- Moreno E, Obando JM, Dos-Santos N, Fernández-Trujillo JP, Monforte AJ, Garcia-Mas J: Candidate genes and QTLs for fruit ripening and softening in melon. Theor Appl Genet. 2007, 116: 589-602.PubMedView ArticleGoogle Scholar
- Essafi A, Díaz-Pendón JA, Moriones E, Monforte AJ, Garcia-Mas J, Martín-Hernández AM: Dissection of the oligogenic resistance to Cucumber mosaic virus in the melon accession PI 161375. Theor Appl Genet. 2009, 118: 275-284. 10.1007/s00122-008-0897-x.PubMedView ArticleGoogle Scholar
- Comai L, Henikoff S: TILLING: practical single-nucleotide mutation discovery. Plant J. 2006, 45: 684-94. 10.1111/j.1365-313X.2006.02670.x.PubMedView ArticleGoogle Scholar
- Cooper JL, Till BJ, Laport RG, Darlow MC, Kleffner JM, Jamai A, El-Mellouki T, Liu S, Ritchie R, Nielsen N, et al: TILLING to detect induced mutations in soybean. BMC Plant Biol. 2008, 8 (1): 9-10.1186/1471-2229-8-9.PubMedPubMed CentralView ArticleGoogle Scholar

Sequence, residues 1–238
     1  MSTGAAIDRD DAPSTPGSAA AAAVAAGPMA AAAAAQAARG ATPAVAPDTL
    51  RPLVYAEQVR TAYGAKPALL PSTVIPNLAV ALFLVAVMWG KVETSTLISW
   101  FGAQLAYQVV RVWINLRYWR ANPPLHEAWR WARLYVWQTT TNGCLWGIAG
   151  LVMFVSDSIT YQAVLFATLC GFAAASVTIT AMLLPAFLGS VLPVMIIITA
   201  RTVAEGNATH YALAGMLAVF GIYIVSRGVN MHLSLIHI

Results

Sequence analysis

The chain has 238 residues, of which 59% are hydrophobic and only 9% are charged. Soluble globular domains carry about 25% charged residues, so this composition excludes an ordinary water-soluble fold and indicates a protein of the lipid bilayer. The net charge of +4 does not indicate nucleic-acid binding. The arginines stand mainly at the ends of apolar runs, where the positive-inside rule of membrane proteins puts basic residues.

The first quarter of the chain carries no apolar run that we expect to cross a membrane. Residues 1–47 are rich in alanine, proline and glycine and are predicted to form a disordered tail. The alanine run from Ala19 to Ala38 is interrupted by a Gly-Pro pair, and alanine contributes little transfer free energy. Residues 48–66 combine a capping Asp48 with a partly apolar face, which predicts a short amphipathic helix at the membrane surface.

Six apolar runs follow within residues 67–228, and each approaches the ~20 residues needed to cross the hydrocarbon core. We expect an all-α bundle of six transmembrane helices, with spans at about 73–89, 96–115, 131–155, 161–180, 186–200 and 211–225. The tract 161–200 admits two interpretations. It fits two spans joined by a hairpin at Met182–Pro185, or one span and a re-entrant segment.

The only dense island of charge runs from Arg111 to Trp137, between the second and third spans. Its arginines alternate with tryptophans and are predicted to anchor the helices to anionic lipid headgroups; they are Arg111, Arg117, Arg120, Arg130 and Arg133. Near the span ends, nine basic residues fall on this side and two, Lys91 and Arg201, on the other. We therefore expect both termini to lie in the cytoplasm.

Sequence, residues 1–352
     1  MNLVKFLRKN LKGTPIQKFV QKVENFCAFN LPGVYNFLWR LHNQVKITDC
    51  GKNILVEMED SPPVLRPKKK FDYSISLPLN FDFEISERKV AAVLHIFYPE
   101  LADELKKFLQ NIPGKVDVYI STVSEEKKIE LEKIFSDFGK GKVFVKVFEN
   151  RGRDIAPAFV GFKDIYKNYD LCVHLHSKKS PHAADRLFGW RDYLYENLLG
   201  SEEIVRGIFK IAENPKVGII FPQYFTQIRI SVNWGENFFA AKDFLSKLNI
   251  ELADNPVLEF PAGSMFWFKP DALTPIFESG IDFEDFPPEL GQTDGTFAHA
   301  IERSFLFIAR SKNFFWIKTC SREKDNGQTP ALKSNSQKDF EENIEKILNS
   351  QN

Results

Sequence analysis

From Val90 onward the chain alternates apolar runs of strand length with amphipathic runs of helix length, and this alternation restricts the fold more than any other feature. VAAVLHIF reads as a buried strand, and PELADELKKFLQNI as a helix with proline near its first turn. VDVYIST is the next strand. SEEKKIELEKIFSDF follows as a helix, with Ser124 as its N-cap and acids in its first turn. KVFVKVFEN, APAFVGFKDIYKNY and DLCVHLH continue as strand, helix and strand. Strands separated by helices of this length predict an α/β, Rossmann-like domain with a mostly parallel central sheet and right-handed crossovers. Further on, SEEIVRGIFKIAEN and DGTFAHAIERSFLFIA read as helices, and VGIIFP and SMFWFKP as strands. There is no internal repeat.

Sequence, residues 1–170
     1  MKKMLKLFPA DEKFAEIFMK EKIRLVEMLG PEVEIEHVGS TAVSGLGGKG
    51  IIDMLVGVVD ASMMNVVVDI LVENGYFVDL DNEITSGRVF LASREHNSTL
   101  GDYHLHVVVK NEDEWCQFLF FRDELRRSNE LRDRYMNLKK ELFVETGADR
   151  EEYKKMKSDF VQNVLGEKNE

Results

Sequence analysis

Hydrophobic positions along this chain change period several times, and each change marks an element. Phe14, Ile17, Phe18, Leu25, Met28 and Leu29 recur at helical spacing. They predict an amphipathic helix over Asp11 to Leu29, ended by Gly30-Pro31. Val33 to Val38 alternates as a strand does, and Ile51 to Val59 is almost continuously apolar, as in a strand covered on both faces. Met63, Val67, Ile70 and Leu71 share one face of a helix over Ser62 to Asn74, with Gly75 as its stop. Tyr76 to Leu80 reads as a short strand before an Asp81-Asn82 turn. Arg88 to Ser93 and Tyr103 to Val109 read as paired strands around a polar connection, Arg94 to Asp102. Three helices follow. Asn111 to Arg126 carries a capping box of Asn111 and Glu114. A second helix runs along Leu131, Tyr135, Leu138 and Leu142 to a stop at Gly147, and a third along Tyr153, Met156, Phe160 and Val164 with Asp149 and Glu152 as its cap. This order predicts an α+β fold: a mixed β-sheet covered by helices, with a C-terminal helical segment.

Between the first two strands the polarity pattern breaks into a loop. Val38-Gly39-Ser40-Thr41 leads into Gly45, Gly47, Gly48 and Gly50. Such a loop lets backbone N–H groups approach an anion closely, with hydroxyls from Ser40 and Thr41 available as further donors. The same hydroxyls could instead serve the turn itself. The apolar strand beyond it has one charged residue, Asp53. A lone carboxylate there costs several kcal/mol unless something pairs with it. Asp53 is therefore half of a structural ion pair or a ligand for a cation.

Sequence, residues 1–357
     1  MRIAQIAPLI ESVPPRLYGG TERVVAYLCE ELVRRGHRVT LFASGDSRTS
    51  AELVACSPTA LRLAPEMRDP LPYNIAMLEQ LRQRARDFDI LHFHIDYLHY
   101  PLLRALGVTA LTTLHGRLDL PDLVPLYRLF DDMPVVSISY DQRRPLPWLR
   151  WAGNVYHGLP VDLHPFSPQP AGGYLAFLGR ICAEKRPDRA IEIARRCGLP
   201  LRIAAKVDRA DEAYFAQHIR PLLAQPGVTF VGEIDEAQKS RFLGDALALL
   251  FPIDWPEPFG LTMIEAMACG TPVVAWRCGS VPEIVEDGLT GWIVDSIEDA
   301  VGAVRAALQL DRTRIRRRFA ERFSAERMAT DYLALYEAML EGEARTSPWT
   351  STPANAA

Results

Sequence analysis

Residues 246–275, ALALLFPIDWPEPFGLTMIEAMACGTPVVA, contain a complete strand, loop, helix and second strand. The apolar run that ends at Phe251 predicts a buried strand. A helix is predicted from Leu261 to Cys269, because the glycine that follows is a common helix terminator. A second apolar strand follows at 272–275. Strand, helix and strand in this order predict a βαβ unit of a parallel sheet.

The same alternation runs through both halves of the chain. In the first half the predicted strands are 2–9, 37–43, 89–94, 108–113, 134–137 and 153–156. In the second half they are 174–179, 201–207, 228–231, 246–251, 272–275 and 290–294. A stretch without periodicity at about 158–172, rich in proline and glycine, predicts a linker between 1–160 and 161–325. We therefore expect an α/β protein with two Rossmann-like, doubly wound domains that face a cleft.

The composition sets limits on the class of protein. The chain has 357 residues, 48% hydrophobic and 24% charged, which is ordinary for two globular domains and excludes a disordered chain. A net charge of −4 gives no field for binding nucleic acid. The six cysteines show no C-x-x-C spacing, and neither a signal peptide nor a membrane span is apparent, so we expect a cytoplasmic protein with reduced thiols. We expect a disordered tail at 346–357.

- Dalmais M, Schmidt J, Le Signor C, Moussy F, Burstin J, Savois V, Aubert G, de Oliveira Y, Guichard C, Thompson R, Bendahmane A: UTILLdb, a Pisum sativum in silico forward and reverse genetics tool. Genome Biol. 2008, 9: R43-10.1186/gb-2008-9-2-r43.PubMedPubMed CentralView ArticleGoogle Scholar
- Dierking EC, Bilyeu KD: New sources of soybean meal and oil composition traits identified through TILLING. BMC Plant Biol. 2009, 9: 89-10.1186/1471-2229-9-89.PubMedPubMed CentralView ArticleGoogle Scholar
- Perry J, Brachmann A, Welham T, Binder A, Charpentier M, Groth M, Haage K, Markmann K, Wang TL, Parniske M: TILLING in Lotus japonicus identified large allelic series for symbiosis genes and revealed a bias in functionally defective ethyl methanesulfonate alleles toward glycine replacements. Plant Physiol. 2009, 151 (3): 1281-1291. 10.1104/pp.109.142190.PubMedPubMed CentralView ArticleGoogle Scholar